Concerns about inflation persist despite strong economic growth

Two leading experts have sounded the alarm that “stubbornly high” inflation could further erode the purchasing power of Barbadians.

Despite an “unprecedented” run of economic growth in the first quarter reported by the Central Bank of Barbados, renowned UWI economist Professor Justin Robinson and President of the Barbados Private Sector Association (BPSA) Trisha Tannis drew attention to the issue when they reviewed the bank’s report. of 4.1 percent growth – the 12th consecutive quarter of expansion – thanks to an “extraordinary performance” of 14.8 percent increase in visitor numbers in January to March this year.

Professor Robinson, Pro-Vice-Chancellor and Director of the Five Islands Campus, also expressed concern that “public finances are being negatively affected by rising debt service”.

While impressed with the government’s management of public finances, he says he is concerned about its fragility and the implications of current inflationary pressures on citizens.

“The economy continues to be buffeted by declining but persistently high inflation, which could erode the purchasing power of a broad cross-section of society, and rising external debt service costs, which are having a negative impact on public finances,” he said. Barbados TODAY.

“The inflation rate was reported at 4.8 percent, down from 5.9 percent in March 2023, which is significantly higher than the 2.1 percent reported for March 2022 and the -0.1 percent reported for March 2021. The inflation rate of 4.8 percent is also well above the average of 3.5 percent over the past ten years.”

The well-known economist claimed that the public forms its judgment about the economy mainly on the basis of personal experiences, unemployment rates, salaries and benefits and prices in stores.

“The persistently high inflation rate may go some way to explaining the apparent discrepancy between the strong macroeconomic performance being reported and the apparent sour mood among parts of the public,” Professor Robinson said. “Stubbornly high inflation, static salaries and the potential creation of lower-income jobs may go some way to explaining the apparent gap.”

For Tannis, inflation, even though it has fallen slightly, remains too high for too long.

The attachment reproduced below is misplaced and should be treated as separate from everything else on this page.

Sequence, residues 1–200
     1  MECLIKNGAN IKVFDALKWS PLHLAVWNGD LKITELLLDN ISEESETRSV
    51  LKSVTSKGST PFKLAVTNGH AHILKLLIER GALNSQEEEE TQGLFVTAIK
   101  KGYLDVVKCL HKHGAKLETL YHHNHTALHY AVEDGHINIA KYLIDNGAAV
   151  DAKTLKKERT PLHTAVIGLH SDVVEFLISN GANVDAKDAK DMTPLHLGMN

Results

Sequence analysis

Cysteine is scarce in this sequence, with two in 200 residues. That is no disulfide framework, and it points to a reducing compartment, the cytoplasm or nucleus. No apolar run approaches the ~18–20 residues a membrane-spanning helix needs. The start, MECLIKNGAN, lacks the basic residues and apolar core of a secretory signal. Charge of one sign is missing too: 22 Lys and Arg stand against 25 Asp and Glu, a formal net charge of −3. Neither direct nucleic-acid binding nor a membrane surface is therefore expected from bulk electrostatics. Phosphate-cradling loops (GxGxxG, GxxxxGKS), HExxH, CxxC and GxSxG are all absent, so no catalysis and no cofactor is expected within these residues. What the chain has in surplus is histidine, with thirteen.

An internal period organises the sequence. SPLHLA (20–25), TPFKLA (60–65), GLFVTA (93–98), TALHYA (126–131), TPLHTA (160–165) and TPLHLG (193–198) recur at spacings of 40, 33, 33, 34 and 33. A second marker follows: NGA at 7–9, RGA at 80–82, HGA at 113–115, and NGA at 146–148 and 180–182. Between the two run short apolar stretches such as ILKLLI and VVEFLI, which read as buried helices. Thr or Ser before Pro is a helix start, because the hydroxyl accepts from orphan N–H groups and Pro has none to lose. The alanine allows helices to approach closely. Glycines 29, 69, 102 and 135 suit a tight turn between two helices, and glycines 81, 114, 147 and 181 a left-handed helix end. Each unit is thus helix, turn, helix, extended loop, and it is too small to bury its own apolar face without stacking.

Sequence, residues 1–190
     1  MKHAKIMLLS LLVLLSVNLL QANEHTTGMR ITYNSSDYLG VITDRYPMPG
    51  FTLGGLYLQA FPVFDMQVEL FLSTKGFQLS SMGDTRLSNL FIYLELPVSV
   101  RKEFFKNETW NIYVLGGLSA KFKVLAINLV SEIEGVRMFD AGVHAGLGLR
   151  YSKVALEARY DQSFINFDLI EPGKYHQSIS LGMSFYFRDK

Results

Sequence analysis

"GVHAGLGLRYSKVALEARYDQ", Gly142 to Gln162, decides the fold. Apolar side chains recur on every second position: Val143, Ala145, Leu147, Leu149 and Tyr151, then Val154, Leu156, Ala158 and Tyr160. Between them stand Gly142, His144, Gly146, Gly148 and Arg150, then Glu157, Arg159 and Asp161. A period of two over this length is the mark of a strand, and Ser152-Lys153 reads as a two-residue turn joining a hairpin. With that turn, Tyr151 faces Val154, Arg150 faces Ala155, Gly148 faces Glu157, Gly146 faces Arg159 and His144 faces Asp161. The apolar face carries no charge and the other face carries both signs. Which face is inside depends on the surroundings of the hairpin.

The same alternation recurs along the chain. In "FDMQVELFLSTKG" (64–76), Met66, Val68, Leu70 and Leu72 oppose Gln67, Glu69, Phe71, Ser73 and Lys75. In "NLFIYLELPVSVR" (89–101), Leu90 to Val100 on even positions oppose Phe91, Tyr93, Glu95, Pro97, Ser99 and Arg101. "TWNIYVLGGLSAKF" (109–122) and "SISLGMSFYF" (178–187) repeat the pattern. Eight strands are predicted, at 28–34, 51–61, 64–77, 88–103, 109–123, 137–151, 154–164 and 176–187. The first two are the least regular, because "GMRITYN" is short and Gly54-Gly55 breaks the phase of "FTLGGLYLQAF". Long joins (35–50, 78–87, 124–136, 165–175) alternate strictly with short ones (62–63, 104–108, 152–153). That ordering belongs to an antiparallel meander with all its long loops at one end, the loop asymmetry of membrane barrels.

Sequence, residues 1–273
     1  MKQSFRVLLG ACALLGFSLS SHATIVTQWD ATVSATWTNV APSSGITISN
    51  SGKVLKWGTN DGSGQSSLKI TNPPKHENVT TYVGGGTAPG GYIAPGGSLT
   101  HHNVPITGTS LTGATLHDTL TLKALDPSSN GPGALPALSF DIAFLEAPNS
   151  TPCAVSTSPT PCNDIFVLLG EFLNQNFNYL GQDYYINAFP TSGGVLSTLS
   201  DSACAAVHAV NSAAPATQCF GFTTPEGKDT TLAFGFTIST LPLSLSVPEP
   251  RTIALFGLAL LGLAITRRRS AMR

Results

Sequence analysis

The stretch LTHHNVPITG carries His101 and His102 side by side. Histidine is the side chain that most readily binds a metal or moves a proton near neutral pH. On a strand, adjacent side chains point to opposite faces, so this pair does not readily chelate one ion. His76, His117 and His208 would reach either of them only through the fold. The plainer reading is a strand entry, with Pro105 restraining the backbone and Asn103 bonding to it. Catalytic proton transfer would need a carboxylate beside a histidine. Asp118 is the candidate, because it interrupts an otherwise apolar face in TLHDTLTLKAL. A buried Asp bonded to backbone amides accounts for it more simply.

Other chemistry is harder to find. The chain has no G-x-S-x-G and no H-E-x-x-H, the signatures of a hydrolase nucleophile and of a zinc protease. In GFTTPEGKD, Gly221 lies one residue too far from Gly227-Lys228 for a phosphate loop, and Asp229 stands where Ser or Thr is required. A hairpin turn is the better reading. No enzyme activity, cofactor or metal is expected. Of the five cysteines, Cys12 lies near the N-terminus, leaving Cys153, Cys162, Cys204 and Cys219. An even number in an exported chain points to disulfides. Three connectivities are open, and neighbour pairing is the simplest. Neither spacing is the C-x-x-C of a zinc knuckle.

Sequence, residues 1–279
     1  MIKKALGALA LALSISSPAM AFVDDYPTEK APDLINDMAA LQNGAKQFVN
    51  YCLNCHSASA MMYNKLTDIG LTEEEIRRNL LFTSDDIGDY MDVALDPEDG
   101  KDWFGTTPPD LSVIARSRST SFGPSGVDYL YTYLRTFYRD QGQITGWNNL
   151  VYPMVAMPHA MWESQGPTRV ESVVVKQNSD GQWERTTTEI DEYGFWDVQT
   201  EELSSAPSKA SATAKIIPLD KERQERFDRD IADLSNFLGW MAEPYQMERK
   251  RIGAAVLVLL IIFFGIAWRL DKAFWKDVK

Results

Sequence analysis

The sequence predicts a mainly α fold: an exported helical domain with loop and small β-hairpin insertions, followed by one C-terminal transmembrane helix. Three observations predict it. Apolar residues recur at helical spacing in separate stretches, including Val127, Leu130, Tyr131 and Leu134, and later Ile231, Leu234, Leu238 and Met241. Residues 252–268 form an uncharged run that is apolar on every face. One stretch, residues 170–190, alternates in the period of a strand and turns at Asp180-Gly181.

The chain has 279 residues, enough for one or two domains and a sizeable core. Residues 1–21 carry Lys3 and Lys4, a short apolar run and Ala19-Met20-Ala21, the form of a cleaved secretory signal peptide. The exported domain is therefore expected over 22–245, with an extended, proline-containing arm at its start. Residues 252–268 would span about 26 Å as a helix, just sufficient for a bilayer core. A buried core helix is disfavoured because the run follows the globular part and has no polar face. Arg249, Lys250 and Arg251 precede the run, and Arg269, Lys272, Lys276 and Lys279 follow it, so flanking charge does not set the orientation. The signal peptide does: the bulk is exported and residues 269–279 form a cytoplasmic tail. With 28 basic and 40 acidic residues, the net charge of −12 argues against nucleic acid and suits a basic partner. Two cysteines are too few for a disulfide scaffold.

“We don’t see this falling much faster, although the expectation is that it will fall somewhat. I don’t know if that will happen in the next quarter, but the government seems confident that it will mobilize over time,” she said. Barbados TODAY.

The private sector chairman emphasized that as long as geopolitical disruptions and hostilities continue, such as the war between Ukraine and Russia, these issues will have a domino effect on the costs of supplying goods and services and the value chain.

“So we expect it to remain high. Of course we also have the local consequences…. We had some disruption in our weather patterns, which caused some of the inflationary pressure on our land supplies and vegetables in the agricultural sector. So it came and went,” Tannis said.

Robinson also highlighted concerns about the rising cost of debt servicing, with interest payments representing a fifth of government revenues in January and March, up from 18.1 percent in 2023 and 16.1 percent in 2022. However, he praised the management of public finances by government. , showing “remarkable discipline and skill” in consistently achieving objectives.

The debt ratio has improved from 131.3 percent in 2022 to 119.6 percent in March 2023 and 114.3 percent in March 2024.

“The biggest challenge to public finances is the rising level of debt service, with interest payments reported to represent 20 percent of government revenues in the period January to March 2024, compared to 18.1 percent for the period 2023 and 16.1 percent for the period of 2024. the period of 2022 and 9.3 percent for… 2021,” the finance professor added.

economist professor Justin Robinson.

He followed trends in growth in the first quarter of the past two years, between 5.0 percent and 13.2 percent, in analyzing the significance of this year’s 4.1 percent.

“The reported growth of 4.1 percent is therefore a solid rather than spectacular performance and suggests that growth in the first quarter is returning to historical levels following the extreme COVID-19 shock, with real GDP growth in the first quarter was negative at 18.9 percent. Professor Robinson said. “I believe that the current government deserves the highest credit for its public finance management and has shown remarkable discipline and skill in consistently achieving its public finance objectives.”

While he was pleased with the economy’s overall performance and expected more growth for the rest of this year, Tannis had some other concerns.

She said the business community “remains clearly concerned that we are still very reliant on one sector, and that the pace of diversification is not yet at the level that everyone would like when it comes to increasing our resilience to external shocks” .

“We’re actually very grateful where we are right now with the economy. It continues to provide impetus for strong growth,” said the manager.

However, Tannis said the private sector is pushing for a year-round tourism product despite the good prospects for the rest of the year.

“We need to do this annually, where we have a consistent tourism product all year round, for 12 months, not six or eight months,” she argued.

Tannis also expressed support for Central Bank Governor Dr Kevin Greenidge’s call for billions in private sector investment in the economy to help boost growth: “We know that the government has put in place a lot of incentives for various industries; and the atmosphere and circumstances are, we think, ripe for us to become very interested again in investing in the economy.”

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